To transform Havas Heath & You Brazil into the most creative and innovative health and wellness consulting center. I do not even say agency, because we’re going beyond that. We will also help brands and products that have never thought about health before. We don’t want to be a pharma agency. Our purpose is to help brands help people be healthier. It goes far beyond drugs and diseases.

What have been your biggest career challenges? Your biggest accomplishments, so far?

Transforming an agency culture that wants to innovate, but does not want to change old habits. People who are too attached to the old comfortable way of work are the hardest ones to work with.

My biggest achievement was getting here. Being a creative leader in an industry where only 2 percent of those in positions like mine are women is a super achievement, isn’t it? I’m just tired of being alone. I want there to be more of us. Exclusivity, in this case, is not something to celebrate. That’s why I created MORE GRLS.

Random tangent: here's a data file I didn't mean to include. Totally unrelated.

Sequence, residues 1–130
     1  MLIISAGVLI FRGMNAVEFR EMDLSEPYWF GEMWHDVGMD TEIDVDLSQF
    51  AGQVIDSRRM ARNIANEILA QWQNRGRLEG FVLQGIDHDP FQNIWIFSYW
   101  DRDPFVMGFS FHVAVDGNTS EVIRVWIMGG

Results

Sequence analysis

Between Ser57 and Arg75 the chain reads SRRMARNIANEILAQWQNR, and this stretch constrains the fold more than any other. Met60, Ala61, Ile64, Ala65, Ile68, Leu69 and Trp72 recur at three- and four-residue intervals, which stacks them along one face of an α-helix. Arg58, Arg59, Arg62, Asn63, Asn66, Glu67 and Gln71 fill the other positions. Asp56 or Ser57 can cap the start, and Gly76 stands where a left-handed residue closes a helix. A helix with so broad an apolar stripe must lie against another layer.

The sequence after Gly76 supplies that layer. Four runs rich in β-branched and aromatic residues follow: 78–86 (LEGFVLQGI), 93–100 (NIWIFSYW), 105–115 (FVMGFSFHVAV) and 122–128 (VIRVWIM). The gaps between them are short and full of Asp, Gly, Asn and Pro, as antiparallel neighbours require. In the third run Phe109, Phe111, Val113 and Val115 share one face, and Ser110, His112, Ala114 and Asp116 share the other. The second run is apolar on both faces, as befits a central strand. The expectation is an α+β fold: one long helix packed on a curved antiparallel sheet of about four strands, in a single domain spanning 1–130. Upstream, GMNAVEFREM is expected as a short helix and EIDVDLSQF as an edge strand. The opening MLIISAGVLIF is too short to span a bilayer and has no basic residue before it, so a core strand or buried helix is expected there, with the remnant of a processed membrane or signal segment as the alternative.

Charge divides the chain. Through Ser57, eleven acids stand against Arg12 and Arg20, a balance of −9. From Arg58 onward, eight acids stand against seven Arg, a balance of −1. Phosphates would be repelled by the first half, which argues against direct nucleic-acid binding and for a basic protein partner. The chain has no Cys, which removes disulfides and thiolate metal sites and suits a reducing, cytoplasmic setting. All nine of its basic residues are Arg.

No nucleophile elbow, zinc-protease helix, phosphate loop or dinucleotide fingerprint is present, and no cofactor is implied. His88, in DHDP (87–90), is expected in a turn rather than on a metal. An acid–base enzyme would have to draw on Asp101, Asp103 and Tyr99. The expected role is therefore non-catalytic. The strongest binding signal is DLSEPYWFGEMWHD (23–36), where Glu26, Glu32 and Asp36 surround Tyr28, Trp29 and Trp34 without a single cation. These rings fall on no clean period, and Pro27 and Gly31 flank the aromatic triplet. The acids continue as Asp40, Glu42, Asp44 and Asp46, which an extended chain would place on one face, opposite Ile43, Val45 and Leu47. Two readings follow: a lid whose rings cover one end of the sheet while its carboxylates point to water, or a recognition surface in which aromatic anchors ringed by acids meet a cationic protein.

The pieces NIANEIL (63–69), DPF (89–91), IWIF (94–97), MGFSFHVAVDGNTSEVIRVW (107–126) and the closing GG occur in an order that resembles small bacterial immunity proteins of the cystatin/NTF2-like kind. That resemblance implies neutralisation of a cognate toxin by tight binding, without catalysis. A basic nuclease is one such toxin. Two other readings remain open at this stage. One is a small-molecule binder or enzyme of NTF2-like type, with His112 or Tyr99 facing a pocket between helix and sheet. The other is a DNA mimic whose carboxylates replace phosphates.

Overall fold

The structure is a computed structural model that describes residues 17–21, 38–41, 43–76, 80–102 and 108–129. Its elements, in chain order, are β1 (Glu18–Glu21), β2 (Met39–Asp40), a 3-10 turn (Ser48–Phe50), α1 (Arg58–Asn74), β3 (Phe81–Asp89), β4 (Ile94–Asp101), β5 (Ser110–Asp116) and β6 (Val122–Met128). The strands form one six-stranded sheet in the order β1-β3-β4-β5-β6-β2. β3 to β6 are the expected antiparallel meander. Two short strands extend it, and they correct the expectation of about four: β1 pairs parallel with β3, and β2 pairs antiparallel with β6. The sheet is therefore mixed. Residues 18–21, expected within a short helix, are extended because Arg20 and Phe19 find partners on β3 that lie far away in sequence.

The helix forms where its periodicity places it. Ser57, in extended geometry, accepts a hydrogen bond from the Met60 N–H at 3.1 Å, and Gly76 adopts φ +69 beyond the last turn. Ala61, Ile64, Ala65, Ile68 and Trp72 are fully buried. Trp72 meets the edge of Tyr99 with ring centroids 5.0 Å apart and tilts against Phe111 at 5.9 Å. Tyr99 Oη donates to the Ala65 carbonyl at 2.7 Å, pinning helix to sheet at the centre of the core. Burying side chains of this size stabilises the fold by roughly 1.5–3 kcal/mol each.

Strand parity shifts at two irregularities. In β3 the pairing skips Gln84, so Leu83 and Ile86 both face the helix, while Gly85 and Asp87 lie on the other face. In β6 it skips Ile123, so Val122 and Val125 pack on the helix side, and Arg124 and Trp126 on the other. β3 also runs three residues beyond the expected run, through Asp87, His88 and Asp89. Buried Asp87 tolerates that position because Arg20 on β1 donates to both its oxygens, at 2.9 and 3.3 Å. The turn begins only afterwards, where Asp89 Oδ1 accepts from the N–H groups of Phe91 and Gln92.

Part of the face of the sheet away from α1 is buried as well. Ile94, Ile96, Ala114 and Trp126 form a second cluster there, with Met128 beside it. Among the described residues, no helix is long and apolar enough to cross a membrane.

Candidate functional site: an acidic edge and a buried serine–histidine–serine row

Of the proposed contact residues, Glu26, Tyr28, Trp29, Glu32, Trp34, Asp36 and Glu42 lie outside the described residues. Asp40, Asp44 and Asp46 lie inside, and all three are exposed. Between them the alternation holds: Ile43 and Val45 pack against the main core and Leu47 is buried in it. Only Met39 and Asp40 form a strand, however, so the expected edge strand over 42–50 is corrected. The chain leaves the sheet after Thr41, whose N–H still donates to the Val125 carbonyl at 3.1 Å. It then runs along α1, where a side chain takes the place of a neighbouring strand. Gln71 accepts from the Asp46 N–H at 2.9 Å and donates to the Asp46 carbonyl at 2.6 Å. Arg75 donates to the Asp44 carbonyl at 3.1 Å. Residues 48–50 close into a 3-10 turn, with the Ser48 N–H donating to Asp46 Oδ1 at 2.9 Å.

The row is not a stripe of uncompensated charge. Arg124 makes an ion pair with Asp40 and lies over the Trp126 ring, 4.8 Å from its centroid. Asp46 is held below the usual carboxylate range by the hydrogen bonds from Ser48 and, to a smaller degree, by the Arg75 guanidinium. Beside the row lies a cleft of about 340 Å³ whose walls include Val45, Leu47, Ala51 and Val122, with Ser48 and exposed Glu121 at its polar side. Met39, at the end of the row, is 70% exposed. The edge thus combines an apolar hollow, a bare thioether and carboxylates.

"Today in Brazil only 26 percent of creative positions are occupied by women. In general leadership (CD to CCO) it’s 15 percent, and in executive leadership it’s only 2 percent."

Tell us about MORE GRLS. 

Today in Brazil only 26 percent of creative positions are occupied by women. In general leadership (CD to CCO) it’s 15 percent, and in executive leadership it’s only 2 percent. If we’re considering black women, this ratio does not even reach 1 percent. 

Ever since I became a manager, I’ve always wanted to do something for creative women. I did small things like reviewing portfolios for some junior creatives. But I felt that I needed to reach more people. One day, as a representative for the diversity group of my former network, I made a presentation to the CEOs and spoke about the difficulties experienced by women in the creative realm. Everyone was really impressed, but nothing was done. So I figured I needed to do something on my own. And then I found my partner Camila Moletta, who decided to embark on this madness with me. We put together a talent mapping platform in six months with more than 3,000 members, and now we have four new services beyond the website. Speaking of the platform, version 2.0 is coming—with better usability, more filters, and versions for the rest of LATAM and USA.